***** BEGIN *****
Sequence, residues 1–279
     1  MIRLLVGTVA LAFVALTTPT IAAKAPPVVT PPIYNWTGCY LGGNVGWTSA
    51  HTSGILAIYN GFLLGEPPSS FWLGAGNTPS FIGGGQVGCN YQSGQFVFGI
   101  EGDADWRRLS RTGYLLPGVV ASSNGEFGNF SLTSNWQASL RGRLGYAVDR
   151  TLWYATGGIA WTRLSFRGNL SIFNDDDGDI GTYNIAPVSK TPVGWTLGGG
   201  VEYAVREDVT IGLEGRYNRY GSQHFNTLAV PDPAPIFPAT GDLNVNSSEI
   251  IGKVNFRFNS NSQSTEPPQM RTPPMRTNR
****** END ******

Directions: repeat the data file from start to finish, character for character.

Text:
Sequence, residues 1–279
     1  MIRLLVGTVA LAFVALTTPT IAAKAPPVVT PPIYNWTGCY LGGNVGWTSA
    51  HTSGILAIYN GFLLGEPPSS FWLGAGNTPS FIGGGQVGCN YQSGQFVFGI
   101  EGDADWRRLS RTGYLLPGVV ASSNGEFGNF SLTSNWQASL RGRLGYAVDR
   151  TLWYATGGIA WTRLSFRGNL SIFNDDDGDI GTYNIAPVSK TPVGWTLGGG
   201  VEYAVREDVT IGLEGRYNRY GSQHFNTLAV PDPAPIFPAT GDLNVNSSEI
   251  IGKVNFRFNS NSQSTEPPQM RTPPMRTNR